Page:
There’s no logical reason to race in the Nitto King of the Hammers. It is very long (215 miles this year). You have only 14 hours. The course runs through the most pitiless basin and over the gnarliest rock piles in California’s outer Mojave. It is the Old Testament meets California “hoon,” as the new breed of gearheads is known. And racing in it feels like being in a plane crash that lasts half a day. Even if you win, the $25,000 purse barely covers the cost.
“This is not a race for dilettantes,” says Emily Miller, desert racing legend. “This is a kick in the balls. There is no room for error. One mistake and you’re done, or you’re in a whole lot of pain.”
Desert racing has a long and filthy tradition of failure, death, and doom. The almost two-week, multistage Dakar Rally, which now takes place in South America, is the most extreme, expensive, and brutal example of the form. The Baja 1000 is similarly taxing, though it takes the average driver around 20 hours to complete.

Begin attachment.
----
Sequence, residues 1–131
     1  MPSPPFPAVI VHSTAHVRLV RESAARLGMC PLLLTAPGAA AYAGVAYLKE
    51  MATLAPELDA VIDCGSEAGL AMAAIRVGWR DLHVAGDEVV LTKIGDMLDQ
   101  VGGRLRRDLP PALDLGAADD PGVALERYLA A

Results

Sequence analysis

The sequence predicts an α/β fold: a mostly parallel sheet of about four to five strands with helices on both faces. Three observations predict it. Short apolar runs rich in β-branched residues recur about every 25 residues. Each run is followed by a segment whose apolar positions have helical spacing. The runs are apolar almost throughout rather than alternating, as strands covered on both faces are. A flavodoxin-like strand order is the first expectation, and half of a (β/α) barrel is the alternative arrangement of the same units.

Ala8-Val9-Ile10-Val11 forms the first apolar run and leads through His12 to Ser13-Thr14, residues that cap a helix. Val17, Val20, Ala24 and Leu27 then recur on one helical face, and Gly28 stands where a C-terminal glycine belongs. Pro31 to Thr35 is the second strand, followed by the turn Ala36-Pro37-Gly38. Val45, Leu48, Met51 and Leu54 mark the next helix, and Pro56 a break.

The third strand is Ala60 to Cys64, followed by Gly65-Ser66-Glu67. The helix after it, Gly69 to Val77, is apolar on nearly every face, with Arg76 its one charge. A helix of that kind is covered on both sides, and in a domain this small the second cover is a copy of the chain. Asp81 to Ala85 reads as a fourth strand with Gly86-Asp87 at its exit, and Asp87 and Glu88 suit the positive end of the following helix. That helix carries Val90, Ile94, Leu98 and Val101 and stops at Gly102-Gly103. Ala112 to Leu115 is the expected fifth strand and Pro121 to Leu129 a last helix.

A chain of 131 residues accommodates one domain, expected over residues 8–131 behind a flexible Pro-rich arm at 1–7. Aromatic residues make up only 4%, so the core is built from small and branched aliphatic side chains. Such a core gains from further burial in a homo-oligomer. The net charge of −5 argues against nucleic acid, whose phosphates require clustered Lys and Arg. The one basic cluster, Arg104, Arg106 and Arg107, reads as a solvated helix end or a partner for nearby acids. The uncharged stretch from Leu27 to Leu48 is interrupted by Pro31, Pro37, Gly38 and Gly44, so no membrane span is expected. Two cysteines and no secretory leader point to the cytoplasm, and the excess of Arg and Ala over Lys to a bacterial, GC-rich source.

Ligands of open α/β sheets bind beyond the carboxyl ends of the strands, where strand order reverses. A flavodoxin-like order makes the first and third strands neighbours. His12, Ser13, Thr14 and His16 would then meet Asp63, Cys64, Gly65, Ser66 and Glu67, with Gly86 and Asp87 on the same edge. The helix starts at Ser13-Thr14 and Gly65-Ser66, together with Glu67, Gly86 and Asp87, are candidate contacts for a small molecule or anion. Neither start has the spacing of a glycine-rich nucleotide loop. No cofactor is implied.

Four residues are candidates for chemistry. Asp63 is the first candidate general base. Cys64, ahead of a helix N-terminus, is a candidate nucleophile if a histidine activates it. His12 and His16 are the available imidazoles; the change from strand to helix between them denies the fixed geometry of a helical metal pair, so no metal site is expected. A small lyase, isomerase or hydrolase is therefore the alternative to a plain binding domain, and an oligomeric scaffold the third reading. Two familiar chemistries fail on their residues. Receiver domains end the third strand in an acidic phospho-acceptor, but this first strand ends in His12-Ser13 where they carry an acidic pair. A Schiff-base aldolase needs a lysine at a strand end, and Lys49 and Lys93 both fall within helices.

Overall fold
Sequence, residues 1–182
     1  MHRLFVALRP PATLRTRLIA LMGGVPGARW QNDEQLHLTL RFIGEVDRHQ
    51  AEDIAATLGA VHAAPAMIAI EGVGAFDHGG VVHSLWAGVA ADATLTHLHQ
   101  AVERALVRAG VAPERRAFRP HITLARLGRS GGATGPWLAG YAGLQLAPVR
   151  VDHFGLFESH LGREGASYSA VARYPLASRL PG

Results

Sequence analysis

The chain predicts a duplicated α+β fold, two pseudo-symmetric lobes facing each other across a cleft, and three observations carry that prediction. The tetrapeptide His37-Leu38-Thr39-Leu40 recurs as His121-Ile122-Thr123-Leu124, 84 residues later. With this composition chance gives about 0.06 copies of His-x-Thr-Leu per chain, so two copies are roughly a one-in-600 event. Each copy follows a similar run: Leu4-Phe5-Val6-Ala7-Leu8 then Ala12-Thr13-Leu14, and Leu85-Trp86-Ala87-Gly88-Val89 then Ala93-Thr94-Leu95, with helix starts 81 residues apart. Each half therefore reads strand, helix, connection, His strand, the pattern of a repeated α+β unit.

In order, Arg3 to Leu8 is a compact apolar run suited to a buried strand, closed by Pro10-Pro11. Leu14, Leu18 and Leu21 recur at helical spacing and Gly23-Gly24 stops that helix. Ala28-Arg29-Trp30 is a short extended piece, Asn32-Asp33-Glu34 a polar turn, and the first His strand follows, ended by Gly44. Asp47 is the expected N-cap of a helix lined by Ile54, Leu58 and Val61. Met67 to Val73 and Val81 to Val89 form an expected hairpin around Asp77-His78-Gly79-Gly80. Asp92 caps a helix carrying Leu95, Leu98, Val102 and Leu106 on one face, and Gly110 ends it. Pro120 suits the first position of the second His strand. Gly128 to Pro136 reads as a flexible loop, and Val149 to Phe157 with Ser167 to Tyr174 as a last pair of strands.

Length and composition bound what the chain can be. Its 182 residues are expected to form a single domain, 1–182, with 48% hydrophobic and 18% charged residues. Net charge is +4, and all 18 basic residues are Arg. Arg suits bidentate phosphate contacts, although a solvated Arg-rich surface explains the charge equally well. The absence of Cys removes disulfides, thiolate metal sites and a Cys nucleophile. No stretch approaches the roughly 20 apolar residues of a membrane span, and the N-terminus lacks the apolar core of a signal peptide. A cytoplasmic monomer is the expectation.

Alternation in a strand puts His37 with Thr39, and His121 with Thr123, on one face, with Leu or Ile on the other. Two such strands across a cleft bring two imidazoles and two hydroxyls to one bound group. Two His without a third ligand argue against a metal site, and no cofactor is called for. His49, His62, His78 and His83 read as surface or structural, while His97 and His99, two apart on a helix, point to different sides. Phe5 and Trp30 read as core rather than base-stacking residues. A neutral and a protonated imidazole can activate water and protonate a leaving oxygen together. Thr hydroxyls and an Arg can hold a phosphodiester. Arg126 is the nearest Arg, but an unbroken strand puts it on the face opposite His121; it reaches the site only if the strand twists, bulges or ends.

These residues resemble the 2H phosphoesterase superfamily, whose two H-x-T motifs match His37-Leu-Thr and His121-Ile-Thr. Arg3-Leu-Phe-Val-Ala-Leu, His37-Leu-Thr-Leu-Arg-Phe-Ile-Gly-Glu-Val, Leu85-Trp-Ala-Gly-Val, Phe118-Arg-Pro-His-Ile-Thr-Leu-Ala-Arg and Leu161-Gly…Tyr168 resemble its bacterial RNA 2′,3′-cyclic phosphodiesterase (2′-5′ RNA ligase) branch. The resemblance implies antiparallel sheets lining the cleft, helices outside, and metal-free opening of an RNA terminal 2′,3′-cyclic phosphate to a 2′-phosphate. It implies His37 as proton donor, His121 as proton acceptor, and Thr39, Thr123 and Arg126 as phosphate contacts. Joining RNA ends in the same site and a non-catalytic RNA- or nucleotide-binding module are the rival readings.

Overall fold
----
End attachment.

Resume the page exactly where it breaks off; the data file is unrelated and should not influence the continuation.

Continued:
The King of the Hammers is a different beast, a crucible of mental and physical endurance made for the average man (and average budget) that combines flat-out desert racing with the meticulous, high-stakes, and very slow art of motoring over boulder-strewn mountains. The race cars are called Ultra4s, purpose-built for 120-mph sprints and high-gear rock-crawling.
“It takes a very precise mind to finish this race,” Miller says. “It also helps if you’re a little crazy.”
Photos by Nicole Dreon / Kind of the Hammers